Unlike previous shows, the robots came from video games, so it wasn’t really needed as a tangible object, and I thought we could have done more with that.
I did grow up watching toy merchandise-based shows and I did think about what if the robot were a toy, but that wasn’t reflected in the show. That would be my regret. I talked about the resistance to merchandising intent of the toy companies for your earlier question but I actually love toys.
Last question. In regards to Cute High Earth Defense Club Love!, people have talked a lot over the years about the idea of a magical boy series. Whenever anyone brings up magical girls, someone asks, what about magical girls? What was the motivation behind finally putting that into reality?
The producer pitched it to me, and I thought, wouldn’t it be fun to work on something no one’s ever done before? And it turned out to be fun. (laughs)
Gundam Build Fighters Try has made a number of references to fighting styles from other anime, manga, and games, especially towards the end of the series.
In Episode 19, the character Ichinose Junya pulls off a couple of attacks from various fighting styles. This includes a demonstration of boxing, which might look familiar:
This is actually Makunouchi Ippo’s finishing combination from Hajime no Ippo: the Liver Blow, the Gazelle Punch, and the Dempsey Roll.
Next, Junya demonstrates attacks from Ba Ji Quan:
This specific sequence leading into the shoulder tackle is one of Akira’s signature attack strings from the fighting game series Virtua Fighter:
In Episode 20, Kamiki Sekai, one of the central characters of Gundam Build Fighters Try, sends a burst of energy rippling forward by slamming his fist into the ground:
This is a reference to Terry Bogard’s special move, “Power Wave,” which he’s used since the original Fatal Fury and all other games he’s appeared in.
This last one I’m not 100% certain on, but in Episode 23 Junya appears again and confronts Sekai:
I believe it is supposed to be an homage to Fist of the North Star, specifically Souther’s Nanto Hou’ou Ken style:
That’s all I’ve spotted for now. If there are more, then I’ll probably make another post.
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BEST MALE CHARACTER
Iori Sei (Gundam Build Fighters)
Much like last year’s winner, Armin Arlert, Iori Sei is a character whose skills come from forethought, patience, and preparation. Unlike Armin, however, Iori Sei is in fact the protagonist of his own series, reflecting a more general trend as of late where those who would normally be considered side characters are entering the limelight. In this respect, Sei’s talents, designing and building exquisite plastic Gundam models to use in holographic simulated battles, are best seen when his designs are utilized in the hands of his teammate Reiji. His gentle personality both contrasts with and complements his dedication to honing and refining his craft, and while he eventually becomes a skilled “pilot” as well, it feels like a very natural progression. Also, his innocent romance with Kousaka China is adorable.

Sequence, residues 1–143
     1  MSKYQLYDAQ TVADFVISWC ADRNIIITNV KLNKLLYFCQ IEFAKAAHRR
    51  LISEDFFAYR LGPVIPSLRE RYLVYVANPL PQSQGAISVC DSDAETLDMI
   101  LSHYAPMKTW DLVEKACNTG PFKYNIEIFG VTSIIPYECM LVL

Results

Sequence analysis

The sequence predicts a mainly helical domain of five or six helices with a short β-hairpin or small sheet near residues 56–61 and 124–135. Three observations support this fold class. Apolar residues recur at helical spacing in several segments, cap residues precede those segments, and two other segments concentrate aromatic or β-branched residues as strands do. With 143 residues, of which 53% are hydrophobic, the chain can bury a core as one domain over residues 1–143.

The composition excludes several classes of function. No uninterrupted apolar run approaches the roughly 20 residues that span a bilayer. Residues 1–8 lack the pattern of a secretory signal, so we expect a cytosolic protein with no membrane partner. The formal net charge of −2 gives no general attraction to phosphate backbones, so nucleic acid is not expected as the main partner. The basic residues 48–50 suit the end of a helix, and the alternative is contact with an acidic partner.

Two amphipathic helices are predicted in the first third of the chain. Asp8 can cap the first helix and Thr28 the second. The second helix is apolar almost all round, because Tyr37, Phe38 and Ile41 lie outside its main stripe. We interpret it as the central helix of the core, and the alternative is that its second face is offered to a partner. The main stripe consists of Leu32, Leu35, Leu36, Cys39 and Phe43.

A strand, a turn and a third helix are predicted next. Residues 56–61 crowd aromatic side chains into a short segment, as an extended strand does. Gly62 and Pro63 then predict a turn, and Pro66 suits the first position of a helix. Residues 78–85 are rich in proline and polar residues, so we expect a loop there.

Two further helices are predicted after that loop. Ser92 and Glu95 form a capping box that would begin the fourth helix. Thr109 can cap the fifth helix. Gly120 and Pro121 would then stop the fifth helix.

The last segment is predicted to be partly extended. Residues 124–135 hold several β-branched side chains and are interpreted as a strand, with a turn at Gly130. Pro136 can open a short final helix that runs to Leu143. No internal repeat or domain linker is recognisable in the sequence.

BEST FEMALE CHARACTER
Kiryuuin Satsuki (Kill la Kill)
The main rival in Studio Trigger’s popular series of 2013-2014, in order to understand Satsuki’s strength as a character it’s necessary to also be aware of the surface impression that Kill la Kill often first creates. The main motif of Kill la Kill is clothing and nudity, and Satsuki herself is no exception as early on in the series she dons her Kamui Junketsu, a sentient battle uniform, and proceeds to fight in an extremely skimpy and revealing outfit. At many points in the series, her body is on full display, and it is portrayed as very sensuous in its own right. However, when thinking of the character Kiryuuin Satsuki, what first comes to mind is not what she’s wearing (or not wearing), but her commanding presence, her ambition, her radiant confience, and ultimately her redemption. One of the strongest moments in the series has to be when Satsuki apologizes, taking a deep bow that humbles her yet also elevates her to even greater heights as a human being of iron-clad will and determination that nevertheless has room for love and compassion.
Andy and Frank (Yowamushi Pedal)
Andy and Frank (pictured left and right) support, advise, and push Hokane Academy’s 1st-year sprinter Izumida Touichirou to strive for victory. Developing their strength throughout his training, one has to wonder where Izumida would be without the help of Andy and Frank; it’s almost impossible to picture him without them. Though they seem quite similar, what’s also remarkable is how each of them have their own unique yet complementary personalities. It’s what makes them such an incredible team.
While there’s nothing that clearly links these characters together (though Andy and Satsuki might have something in common), I found that my choices this year were surprisingly not that difficult. Especially in the case of Satsuki, while there are plenty of great female characters this year, such as Anetai Toyone from Saki: The Nationals, Koizumi Hanayo from Love Live! School Idol Project, or even her fellow Kill la Kill characters, Satsuki’s sheer presence dominated them all in my mind. Perhaps the most notable thing is how different Sei and Satsuki are in terms of personality, and that their paths during their series lead them in what might be called opposite directions. Sei, though talented, learns confidence, while Satsuki learns humility and the value of friendship. At the same time, both remain true to themselves and their convictions.